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printerfan

Better resolution than Ultimaker?

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So I am still deciding on which 3d printer I am going to purchase and I came across one that is new and being manufactured in the USA called the Copperhead printer.

Copperhead positioning precision is x/y =11.7 microns, z axis= 2 microns.

Ultimaker 2 positioning precision precision of x/y = 12.5 microns, z axis= 5 microns.

Ultimaker 2 prints much faster though, the link below shows the stats the American company claims for its Copperhead printer.

http://www.acadianrobotics.com/3d-printer.html

Does this mean the Copperhead 3d printer will have better printing resolution than the Ultimaker 2 or are their more variables that account for print resolution?

 

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I understand the need to look for numbered statistics when you're shopping for a new printer. Most people do including myself. But once you get to play with one, you'll realize soon that it's almost irrelevant. There's no way to really know if the stated precision is practically achievable or even remotely accurate. The table it sits on has more influence on the print quality than the 0.8 micron on paper difference.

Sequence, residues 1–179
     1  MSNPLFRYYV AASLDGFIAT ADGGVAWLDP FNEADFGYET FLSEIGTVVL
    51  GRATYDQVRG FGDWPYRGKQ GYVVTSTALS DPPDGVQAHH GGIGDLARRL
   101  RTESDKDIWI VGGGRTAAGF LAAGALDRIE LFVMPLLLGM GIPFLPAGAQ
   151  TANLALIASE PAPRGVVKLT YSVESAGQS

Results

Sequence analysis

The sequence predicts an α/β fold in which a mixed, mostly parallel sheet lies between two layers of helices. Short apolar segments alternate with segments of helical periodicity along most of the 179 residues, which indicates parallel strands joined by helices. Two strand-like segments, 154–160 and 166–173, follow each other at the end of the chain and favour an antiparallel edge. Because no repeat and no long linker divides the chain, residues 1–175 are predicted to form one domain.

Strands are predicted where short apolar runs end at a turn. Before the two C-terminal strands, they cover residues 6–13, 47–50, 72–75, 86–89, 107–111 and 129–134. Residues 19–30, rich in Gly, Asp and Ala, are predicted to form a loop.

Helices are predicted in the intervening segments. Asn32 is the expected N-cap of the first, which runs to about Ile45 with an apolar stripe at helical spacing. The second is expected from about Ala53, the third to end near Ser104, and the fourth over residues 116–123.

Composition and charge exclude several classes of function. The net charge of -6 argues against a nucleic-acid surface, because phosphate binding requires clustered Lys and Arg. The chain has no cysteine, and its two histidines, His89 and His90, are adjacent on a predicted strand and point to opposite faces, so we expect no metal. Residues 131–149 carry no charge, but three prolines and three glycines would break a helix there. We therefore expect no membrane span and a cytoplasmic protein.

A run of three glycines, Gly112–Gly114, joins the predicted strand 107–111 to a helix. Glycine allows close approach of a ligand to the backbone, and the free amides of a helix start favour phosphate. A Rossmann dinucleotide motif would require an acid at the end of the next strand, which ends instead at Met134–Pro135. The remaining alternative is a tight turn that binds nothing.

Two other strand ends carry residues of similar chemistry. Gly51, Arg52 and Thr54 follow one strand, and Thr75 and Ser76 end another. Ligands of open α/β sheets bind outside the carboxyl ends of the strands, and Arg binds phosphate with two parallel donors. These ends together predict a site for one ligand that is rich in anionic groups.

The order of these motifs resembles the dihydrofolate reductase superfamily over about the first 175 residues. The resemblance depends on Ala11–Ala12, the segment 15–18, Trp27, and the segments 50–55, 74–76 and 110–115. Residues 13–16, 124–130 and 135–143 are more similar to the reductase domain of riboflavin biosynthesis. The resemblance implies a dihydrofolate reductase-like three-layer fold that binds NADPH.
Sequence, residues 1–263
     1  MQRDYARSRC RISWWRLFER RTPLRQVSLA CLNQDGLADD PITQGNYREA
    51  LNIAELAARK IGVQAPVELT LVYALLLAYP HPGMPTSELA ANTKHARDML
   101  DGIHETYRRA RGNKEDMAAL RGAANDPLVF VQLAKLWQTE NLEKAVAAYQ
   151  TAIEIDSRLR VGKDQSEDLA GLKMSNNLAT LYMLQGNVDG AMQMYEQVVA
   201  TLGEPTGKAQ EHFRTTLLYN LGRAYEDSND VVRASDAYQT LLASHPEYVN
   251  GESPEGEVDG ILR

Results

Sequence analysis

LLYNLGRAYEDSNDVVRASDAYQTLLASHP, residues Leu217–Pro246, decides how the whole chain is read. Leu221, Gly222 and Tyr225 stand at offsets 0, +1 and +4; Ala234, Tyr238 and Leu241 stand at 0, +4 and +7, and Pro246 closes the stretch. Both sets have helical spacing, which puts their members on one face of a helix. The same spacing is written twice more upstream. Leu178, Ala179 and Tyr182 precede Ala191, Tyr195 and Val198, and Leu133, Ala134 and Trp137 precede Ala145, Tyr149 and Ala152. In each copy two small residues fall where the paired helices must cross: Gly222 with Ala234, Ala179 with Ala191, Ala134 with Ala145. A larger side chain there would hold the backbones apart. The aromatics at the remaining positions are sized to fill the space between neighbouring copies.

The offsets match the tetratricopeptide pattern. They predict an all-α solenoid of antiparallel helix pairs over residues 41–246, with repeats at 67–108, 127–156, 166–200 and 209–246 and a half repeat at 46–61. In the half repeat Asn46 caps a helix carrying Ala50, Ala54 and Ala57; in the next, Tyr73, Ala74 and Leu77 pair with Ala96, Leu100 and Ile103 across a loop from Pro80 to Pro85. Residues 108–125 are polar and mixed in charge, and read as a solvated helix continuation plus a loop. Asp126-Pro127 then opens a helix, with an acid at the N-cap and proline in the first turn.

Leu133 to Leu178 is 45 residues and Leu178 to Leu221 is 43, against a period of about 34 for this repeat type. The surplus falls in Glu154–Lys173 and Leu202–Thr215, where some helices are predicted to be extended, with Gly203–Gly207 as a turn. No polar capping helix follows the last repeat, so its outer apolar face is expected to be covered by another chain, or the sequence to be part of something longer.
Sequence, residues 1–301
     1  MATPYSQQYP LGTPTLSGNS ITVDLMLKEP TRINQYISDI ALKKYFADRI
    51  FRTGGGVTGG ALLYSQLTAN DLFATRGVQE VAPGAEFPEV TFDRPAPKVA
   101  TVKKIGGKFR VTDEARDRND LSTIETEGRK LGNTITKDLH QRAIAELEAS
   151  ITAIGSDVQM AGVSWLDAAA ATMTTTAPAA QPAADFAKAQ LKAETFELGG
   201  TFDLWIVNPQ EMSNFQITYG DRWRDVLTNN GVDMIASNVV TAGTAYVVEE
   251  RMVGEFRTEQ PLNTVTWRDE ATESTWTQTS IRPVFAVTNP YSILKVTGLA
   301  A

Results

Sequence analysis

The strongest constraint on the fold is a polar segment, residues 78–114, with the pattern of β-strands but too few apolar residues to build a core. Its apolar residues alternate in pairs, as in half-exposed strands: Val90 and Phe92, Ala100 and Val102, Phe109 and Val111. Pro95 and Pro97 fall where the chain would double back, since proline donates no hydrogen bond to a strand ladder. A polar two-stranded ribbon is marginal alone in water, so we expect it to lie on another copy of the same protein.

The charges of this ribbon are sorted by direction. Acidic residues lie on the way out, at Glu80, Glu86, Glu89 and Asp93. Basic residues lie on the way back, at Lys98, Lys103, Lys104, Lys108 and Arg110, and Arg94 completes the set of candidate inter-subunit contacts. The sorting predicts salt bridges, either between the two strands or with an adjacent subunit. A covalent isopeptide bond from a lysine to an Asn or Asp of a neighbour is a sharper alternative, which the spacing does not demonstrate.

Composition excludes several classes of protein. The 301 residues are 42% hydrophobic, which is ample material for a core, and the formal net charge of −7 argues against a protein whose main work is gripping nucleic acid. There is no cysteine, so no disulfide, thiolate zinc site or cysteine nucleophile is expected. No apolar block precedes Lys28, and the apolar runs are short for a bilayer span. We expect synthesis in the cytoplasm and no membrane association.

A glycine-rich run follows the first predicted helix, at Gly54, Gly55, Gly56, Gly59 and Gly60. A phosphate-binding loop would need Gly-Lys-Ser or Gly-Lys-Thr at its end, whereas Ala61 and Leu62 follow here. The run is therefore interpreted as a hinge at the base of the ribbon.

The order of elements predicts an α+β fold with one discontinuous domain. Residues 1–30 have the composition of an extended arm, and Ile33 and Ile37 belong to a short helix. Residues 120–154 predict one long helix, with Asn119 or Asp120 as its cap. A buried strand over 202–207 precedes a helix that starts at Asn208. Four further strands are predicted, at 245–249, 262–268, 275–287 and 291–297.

I always recommend to people to look at examples of prints online (not from the company). Prints don't lie. I couldn't find much on the copperhead which makes me a little weary about their claims but they could just be too new.

I think the biggest quality factor is how consistently every subsequent layer is put down. The layer resolution and XY precision, not so much. You could get really nice prints at 0.12mm/layer printing relatively slowly to ensure consistent layers. A far shot away from the 0.02mm/layer marketing would like to tell you.

Peruse through here to get an idea of the stuff UM people are making:

http://umforum.ultimaker.com/index.php?/topic/467-post-your-latest-print/page-133

If you have specific things in mind that you intend to make with it you should post here, and someone here will have an example for it I'm sure.

 

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Ultimaker 2 prints much faster though, the link below shows the stats the American company claims for its Copperhead printer.

http://www.acadianrobotics.com/3d-printer.html